Parton has garnered eight Grammy Awards, including a 2011 Lifetime Achievement Award; 11 Country Music Association Awards; nine Academy of Country Music Awards; three American Music Awards; two Academy Award nominations; a Tony nomination; and is one of only six female artists to win the Country Music Association's Entertainer of the Year Award.
In 1999, Parton was inducted into the Country Music Hall of Fame and, in 2001, became a member of the National Academy of Popular Music Songwriters Hall of Fame. The U.S. Library of Congress presented Parton with the Living Legend Award for her contribution to the cultural heritage of the United States in 2004, and the following year she was presented the National Medal of Arts by the President. In December 2006, Parton was a Kennedy Center Honoree and the following year was the recipient of the prestigious Johnny Mercer Award from the Songwriter's Hall of Fame.
Inducted into the Gospel Music Association Hall of Fame in 2009, Parton received the Academy of Country Music Jim Reeves International Award the same year and her hit album Backwoods Barbie also topped the Country Music charts, with a sold out tour of the U.S. and Europe. In addition, she received the Los Angeles Drama Critics Circle Award for Best Musical Score and was nominated for a Tony Award for Best Original score for the stage musical adaptation of 9 to 5.
The 1980 hit film 9 to 5 inspired the acclaimed stage musical, and Parton earned rave reviews for her film debut performance. She also received her first Oscar nomination for writing the title tune. Roles in Steel Magnolias, Best Little Whorehouse in Texas, Rhinestone and Straight Talk followed, along with two network television series, longforms, network and HBO specials, and guest-starring roles in series television. In 2006, Parton earned her second Oscar nomination, for Travelin' Thru, which she wrote for the movie Transamerica.
Parton formed Sandollar Productions with former manager Sandy Gallin, and the company has produced feature films such as Father of the Bride I and II, Straight Talk, Sabrina, Shining Through, and I.Q., the Fox series Babes and Buffy the Vampire Slayer, and the documentary Common Threads: Stories from the Quilt, which won an Academy Award for Best Documentary.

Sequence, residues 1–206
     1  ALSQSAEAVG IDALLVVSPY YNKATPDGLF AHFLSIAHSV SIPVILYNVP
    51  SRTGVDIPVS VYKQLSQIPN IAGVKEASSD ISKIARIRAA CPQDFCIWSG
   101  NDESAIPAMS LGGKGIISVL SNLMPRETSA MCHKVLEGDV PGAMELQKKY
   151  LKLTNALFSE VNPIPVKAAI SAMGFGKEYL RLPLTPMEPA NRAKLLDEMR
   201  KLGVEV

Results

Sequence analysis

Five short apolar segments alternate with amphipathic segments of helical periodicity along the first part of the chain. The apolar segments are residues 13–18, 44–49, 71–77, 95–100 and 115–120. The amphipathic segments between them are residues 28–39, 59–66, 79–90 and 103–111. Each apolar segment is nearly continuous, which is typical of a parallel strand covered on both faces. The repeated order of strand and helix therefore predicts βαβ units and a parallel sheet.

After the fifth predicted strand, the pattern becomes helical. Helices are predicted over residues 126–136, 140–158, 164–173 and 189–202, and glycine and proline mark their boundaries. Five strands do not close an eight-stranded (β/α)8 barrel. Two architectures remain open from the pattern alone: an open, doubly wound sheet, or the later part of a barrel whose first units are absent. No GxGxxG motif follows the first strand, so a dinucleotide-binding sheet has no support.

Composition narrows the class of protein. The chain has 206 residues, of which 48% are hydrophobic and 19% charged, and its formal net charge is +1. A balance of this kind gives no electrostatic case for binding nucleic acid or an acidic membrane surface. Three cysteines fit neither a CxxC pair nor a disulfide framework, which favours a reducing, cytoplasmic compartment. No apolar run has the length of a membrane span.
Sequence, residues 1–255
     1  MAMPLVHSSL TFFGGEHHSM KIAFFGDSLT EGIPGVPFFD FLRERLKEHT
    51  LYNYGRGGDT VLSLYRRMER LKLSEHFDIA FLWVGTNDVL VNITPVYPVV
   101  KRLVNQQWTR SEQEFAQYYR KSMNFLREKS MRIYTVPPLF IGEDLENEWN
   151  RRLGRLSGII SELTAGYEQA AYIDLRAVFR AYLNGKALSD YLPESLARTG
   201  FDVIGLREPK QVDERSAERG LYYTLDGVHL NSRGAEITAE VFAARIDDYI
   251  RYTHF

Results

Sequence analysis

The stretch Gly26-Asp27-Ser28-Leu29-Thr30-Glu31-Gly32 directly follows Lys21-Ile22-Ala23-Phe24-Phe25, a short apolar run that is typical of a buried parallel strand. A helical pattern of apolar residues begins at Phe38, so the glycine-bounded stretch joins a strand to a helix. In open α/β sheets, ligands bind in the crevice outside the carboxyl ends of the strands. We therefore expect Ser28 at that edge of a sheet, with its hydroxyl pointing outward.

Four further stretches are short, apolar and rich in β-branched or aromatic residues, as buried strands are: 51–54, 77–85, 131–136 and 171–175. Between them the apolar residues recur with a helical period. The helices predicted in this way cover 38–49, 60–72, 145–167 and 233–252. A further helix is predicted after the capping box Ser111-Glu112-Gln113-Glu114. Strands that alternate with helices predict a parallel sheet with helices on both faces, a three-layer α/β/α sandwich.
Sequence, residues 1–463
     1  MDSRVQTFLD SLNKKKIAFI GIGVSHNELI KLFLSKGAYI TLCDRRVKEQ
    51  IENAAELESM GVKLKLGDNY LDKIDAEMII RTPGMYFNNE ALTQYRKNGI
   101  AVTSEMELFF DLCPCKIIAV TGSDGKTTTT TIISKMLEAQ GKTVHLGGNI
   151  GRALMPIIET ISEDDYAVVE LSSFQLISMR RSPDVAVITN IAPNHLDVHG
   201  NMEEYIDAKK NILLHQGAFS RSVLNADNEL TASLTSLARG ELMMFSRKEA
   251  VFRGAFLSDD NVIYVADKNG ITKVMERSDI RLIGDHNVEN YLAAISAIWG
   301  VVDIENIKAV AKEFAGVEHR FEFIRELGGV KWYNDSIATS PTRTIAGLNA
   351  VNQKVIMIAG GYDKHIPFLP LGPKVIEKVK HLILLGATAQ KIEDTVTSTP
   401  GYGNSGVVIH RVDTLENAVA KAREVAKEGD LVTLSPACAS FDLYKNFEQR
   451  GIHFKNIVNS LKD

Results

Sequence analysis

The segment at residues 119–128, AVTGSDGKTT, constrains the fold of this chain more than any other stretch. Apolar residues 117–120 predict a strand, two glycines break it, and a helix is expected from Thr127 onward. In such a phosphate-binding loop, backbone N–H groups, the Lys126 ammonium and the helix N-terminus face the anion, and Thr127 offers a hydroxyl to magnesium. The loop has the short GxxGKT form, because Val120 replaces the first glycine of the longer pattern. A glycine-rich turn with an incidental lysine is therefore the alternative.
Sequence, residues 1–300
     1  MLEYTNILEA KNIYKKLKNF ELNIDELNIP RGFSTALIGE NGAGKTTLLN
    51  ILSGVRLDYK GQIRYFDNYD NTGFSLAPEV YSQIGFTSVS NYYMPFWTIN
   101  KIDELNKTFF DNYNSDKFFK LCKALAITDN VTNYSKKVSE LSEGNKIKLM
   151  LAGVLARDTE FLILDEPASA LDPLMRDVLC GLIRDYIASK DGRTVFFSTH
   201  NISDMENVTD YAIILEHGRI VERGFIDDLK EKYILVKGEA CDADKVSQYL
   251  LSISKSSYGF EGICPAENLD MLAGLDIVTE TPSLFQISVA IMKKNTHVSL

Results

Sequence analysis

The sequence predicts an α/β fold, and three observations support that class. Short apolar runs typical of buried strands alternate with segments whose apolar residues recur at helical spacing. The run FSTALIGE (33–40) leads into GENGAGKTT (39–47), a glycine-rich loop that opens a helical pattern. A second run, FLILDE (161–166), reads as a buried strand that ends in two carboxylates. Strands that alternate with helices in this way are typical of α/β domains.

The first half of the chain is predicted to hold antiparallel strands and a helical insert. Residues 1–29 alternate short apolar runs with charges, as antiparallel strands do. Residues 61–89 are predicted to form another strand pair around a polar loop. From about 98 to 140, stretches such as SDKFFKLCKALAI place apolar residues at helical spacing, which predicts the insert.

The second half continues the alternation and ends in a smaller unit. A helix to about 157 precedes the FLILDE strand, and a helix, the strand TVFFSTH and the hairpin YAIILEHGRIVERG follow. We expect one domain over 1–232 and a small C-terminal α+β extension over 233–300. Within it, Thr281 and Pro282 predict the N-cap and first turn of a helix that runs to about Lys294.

In 1986, she opened Dollywood, Tennessee's number one tourist attraction, and named by the theme park industry as one of the top three theme parks in the world in 2006. The Dollywood Foundation funds the Dolly Parton Imagination Library, which has given 40 million books to children in North America from birth to kindergarten since its inception in 1988.
A native of Tennessee, Parton was singing on local radio at nine years of age and at 13 she appeared at the Grand Ole Opry. In 1967, her career took off when country music superstar Porter Wagoner began featuring her on his popular syndicated television show, attracting the attention of RCA record executives. Parton and Wagoner had 14 Top Ten hits together. She established Velvet Apple Music with BMI early in her career and owns the copyrights and publishing for her vast songwriting empire as well as her own successful record label, Dolly Records.
Her 1994 autobiography is aptly titled My Life and Other Unfinished Business.
Read earlier biographies on this page.
Dolly Parton Facts
|Birth Name||Dolly Rebecca Parton|
|Birthday||January 19, 1946 (70)|
|Birthplace||Sevierville, Tennessee, USA|
|Height||5' (1m52) How tall is Dolly Parton compared to you?|
|Blue Valley Songbird|
|9 To 5|
|The Year Dolly Parton Was My Mom|
|The Best Little Whorehouse in Texas|
|Dolly Parton: Queen of Country|
|Dolly: Live From London|